# Thread: Cauchy's function and differentiability

1. ## Cauchy's function and differentiability

How can I show that $
f(x) = \{ \begin{array}{ll}
exp(\frac{-1}{x^2} & x>0\\
0 & x\leq 0 \end{array}$

is infinitely differentiable?

2. Originally Posted by dannyboycurtis
How can I show that $
f(x) = \{ \begin{array}{ll}
exp(\frac{-1}{x^2}) & x>0\\
0 & x\leq 0 \end{array}$

is infinitely differentiable?
$f(x)=e^{-x^{-2}}$

The first derivative is $x^{-3}(2)f(x)$

The second derivative is $x^{-6}(4-6x^2)f(x)$

The third derivative is $x^{-9}(8-36x^2+24x^4)f(x)$

The fourth derivative is $x^{-12}(16-144x^2+300x^4-140x^6)f(x)$

So $f^{(n)}(x)=x^{-3n}(\text{polynomial~with~degree}<3n)f(x)$

(You might want to prove this using induction, though it will likely be ugly.)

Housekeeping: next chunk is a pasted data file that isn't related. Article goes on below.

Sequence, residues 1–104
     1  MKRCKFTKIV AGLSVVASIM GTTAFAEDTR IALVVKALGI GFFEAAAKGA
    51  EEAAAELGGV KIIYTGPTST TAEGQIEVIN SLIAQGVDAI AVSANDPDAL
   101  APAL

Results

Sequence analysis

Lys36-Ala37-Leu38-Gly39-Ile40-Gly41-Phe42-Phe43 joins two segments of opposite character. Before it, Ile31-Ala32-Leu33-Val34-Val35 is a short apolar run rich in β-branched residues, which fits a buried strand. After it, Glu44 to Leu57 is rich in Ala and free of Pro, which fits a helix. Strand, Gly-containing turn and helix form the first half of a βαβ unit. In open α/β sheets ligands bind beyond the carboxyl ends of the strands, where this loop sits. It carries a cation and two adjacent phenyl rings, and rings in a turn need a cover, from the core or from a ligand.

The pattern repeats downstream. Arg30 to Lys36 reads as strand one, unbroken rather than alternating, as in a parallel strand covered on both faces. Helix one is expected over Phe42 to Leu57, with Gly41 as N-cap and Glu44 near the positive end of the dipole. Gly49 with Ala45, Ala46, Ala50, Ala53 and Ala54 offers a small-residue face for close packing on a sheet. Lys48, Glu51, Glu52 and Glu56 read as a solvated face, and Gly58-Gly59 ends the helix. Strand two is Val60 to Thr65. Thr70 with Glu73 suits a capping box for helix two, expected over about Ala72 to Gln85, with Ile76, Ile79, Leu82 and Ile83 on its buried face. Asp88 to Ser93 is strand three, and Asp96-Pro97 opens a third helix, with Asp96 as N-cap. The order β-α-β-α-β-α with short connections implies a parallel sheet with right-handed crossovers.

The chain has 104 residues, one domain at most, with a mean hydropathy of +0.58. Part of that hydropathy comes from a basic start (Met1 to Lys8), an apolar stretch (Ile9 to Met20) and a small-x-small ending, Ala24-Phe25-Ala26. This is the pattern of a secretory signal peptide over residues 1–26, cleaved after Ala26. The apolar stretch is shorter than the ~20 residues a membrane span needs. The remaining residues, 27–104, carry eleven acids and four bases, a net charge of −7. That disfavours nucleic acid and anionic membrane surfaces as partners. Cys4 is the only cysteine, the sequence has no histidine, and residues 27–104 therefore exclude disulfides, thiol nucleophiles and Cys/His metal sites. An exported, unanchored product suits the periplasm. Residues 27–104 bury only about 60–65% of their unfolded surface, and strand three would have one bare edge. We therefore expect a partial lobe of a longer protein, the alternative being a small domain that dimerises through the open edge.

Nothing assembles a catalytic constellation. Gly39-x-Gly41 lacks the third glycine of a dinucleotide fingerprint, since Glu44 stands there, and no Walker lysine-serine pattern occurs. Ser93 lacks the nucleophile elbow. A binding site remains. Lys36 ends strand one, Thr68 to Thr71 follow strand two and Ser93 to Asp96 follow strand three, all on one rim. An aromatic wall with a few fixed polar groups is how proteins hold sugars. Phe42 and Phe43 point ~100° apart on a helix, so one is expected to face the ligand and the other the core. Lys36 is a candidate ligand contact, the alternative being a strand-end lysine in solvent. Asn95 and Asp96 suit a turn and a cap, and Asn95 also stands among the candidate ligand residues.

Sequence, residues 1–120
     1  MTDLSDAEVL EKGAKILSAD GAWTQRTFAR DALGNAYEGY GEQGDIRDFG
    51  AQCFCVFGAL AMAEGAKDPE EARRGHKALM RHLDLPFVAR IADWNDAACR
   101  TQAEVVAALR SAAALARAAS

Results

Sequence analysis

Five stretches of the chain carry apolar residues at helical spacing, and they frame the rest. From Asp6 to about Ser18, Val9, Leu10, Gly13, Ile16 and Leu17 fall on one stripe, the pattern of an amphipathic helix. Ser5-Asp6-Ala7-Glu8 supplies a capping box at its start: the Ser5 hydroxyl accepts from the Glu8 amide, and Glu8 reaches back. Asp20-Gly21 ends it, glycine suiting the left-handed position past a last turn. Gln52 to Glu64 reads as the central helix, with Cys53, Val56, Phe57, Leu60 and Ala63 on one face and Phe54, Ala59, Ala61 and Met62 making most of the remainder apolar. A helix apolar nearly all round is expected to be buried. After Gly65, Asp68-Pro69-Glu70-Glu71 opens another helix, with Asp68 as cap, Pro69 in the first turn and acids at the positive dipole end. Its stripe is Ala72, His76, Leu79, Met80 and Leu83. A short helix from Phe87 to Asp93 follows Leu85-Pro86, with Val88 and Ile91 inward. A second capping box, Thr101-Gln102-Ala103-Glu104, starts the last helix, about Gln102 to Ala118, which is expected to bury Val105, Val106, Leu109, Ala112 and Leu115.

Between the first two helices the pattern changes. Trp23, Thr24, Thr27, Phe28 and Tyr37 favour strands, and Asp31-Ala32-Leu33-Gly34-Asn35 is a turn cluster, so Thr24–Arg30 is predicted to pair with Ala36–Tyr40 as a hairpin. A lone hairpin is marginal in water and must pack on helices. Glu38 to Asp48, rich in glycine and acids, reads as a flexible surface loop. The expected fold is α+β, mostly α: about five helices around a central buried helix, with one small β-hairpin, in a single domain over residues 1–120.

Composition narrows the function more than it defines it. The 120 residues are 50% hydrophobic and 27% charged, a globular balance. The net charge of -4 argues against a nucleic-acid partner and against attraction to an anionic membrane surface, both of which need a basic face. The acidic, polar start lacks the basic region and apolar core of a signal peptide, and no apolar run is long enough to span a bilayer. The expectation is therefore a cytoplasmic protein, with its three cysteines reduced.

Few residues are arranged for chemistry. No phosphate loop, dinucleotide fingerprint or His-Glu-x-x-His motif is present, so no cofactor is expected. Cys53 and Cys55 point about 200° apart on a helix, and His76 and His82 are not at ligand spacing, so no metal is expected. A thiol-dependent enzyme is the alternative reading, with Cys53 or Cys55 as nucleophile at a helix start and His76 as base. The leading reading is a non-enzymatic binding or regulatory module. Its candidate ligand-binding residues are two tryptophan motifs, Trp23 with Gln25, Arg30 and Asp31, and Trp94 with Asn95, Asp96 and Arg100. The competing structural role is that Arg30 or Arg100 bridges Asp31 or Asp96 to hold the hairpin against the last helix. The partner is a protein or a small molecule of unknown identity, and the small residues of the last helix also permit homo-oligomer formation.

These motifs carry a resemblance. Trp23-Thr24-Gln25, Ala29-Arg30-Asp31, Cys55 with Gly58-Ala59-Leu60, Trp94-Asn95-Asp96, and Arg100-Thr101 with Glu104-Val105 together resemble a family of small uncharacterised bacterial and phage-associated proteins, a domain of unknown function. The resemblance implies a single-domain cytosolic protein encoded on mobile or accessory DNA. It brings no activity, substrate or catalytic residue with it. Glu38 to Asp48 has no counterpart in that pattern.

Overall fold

Next you'd have to do another induction proof. Like assume that $f^{(n)}(0)=0$ and then prove that:

$f^{(n+1)}(0)=\lim_{x\to0^+}\frac{f^{(n)}(x)-f^{(n)}(0)}{x}=0$

Since you assumed $f^{(n)}(0)=0$, you need to prove that

$\lim_{x\to0^+}\frac{x^{-3n}(\text{polynomial})f(x)}{x}=\lim_{x\to0^+}x^{-3n-1}(\text{polynomial})e^{-x^{-2}}=0$.

There could be a cleaner way to do this using some theorems or something, but this should work.